'Tis the Season to Talk About Clogs

THE HOLIDAY SEASON is fast approaching. One of the gifts you can expect to receive if you are a service plumber is a substantial increase in the number of calls about house sewer clogs. I dont need to tell you how you may want to prepare internally for this onslaught or bounty, whichever you care to call the holiday increase of drain line stoppages. I do, however, have some ideas about the public

THE HOLIDAY SEASON is fast approaching. One of the gifts you can expect to receive if you are a service plumber is a substantial increase in the number of calls about house sewer clogs.

I don’t need to tell you how you may want to prepare internally for this onslaught or bounty, whichever you care to call the holiday increase of drain line stoppages. I do, however, have some ideas about the public relations and image building that you should consider before the holidays.

If you have a newsletter that you send to your customers, this is a good topic for your next issue. It is also a good reason to call the features editor of your local newspaper or TV station to suggest that now would be the time to prepare a story about how to avoid the social disaster of having the drains stop up during the holidays.

When Dr. Seuss wrote about the Grinch, he did not have in mind the holiday forces that come together to shut down your sewer system at the worst possible time and in the worst possible season. That most inconvenient time is during or following the family gathering or holiday party that brings together more houseguests and more sleepovers than any other time.

The holiday sewer blahs make for a good feature story. If you act now, you can be the spokesman for the industry. You’ll get the professional respect of the community as the local expert on the subject and, of course, you’ll get the service calls if the readers or viewers ignore your advice.

The following would be my script. I would urge you to localize it and embellish it as it fits your circumstances. I would warn you that this is not a scientific dissertation. These are just the observations of one old guy who remembers the good old days of 7-gal. flushes.

Today’s 1.6-gal. toilets are designed to be magicians. They make the load disappear from the toilet, but we all know that, in reality, the load is still there. It has disappeared from view. It is a plumbing optical illusion similar to Houdini or Blackstone who did the trick with bigger stuff like elephants!

As we all know, the problem is that the toilet load being flushed with 1.6-gal. of water does not carry very far. The day is saved, so to speak, by the other wastewater that normally runs concurrently in the home. In most homes there is a balance that occurs as the wastewater from bathing, normal kitchen chores and clothes washing routinely provides the water needed to carry all the stuff through the drain line to the street.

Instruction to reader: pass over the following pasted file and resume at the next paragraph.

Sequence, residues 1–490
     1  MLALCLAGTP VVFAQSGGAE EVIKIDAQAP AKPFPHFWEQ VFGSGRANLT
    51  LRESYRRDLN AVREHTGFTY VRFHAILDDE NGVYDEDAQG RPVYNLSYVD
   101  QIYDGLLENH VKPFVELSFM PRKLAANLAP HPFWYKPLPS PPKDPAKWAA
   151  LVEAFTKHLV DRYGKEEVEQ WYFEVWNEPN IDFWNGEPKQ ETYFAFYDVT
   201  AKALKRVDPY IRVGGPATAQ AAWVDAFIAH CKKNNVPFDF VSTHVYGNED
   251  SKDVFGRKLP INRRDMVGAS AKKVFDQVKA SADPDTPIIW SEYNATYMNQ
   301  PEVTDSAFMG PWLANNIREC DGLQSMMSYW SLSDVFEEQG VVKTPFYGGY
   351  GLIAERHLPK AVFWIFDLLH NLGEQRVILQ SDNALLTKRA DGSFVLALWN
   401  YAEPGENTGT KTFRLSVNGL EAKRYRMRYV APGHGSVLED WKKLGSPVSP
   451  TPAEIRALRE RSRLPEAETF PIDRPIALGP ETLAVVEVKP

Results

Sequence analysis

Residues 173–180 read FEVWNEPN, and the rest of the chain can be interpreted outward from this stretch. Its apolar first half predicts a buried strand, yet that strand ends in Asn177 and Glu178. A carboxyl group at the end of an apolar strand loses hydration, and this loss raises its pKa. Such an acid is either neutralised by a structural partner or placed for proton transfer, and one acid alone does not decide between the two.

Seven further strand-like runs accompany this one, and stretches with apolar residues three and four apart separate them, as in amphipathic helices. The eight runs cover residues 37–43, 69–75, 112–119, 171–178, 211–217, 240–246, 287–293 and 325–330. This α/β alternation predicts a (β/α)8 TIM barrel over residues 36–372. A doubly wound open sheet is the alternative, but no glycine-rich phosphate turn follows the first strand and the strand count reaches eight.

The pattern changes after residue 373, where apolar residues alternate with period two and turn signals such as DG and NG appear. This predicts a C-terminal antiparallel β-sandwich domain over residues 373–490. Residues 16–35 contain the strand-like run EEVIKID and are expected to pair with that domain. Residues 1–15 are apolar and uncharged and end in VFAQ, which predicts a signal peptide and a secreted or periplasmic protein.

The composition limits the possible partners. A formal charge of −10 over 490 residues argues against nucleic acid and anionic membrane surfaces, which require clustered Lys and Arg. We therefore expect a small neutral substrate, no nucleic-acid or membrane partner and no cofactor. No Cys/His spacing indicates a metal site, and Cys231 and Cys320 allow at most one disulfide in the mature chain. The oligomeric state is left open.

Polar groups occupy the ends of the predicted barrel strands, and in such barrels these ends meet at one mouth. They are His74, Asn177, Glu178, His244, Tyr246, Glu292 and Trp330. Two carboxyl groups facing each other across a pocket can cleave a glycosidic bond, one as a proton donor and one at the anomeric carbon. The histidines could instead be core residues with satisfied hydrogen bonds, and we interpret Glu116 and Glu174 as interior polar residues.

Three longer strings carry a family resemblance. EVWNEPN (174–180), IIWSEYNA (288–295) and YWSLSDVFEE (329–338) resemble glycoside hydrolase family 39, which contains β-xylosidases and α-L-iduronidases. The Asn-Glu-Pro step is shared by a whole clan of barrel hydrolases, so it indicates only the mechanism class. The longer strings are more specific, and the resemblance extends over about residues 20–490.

Everything changes during the holiday season. The water entering your house is colder than at any other time of the year. There is a higher quantity of water flowing and this water doesn’t remain inside the house long enough for tempering. Even if you don’t notice the difference between warm water and cold water flushing and load carry, your sewer line does. Cold water flushes more like syrup. The increase in houseguests means many more toilet flushes that are not balanced by other warm wastewater uses (the clothes washer loads and showers), unless you throw some unusually wild parties.

When you add the additional trauma of large quantities of rinds, peelings and turkey bones fed too quickly into the food waste disposer by some guest eager to get back to the party, then you have the formula for a major drain stoppage.

One of the special realities of disposers is that when you finely grind food waste, it absorbs water and expands rapidly, which can cause an almost immediate stoppage.

In my personal life I recall having used a single sump sink with a disposer to catch wood shavings from a small kitchen carpentry project. I cleverly thought that I could send the shavings down the drain. It is possible, but not that day or with the quantity of water I had flowing and certainly not with the speed with which I fed the disposer.

I have also managed to create monumental clogs with cantaloupe rinds, potato peels and shrimp shells, and always, as Murphy’s Law dictates, at the worst possible time.

You should caution homeowners in the course of your holiday public relations gig to feed the disposer slowly and run the water faster to avoid many of the holiday sewer blahs.

My own worst-case example was pumping the contents of a single sump sink up the vent onto the kitchen roof and down into the rain gutter. I did this just hours before the holiday party was to begin. It made for a lot of really different party small talk.

The story for your newsletter or to suggest to the features editor of either the newspaper or TV station will do several important things for you and your business: It will help to make the holidays brighter for some people; it will build your professional reputation; and it will remind all who read or hear that you are the expert to call if they ignore your professional advice.

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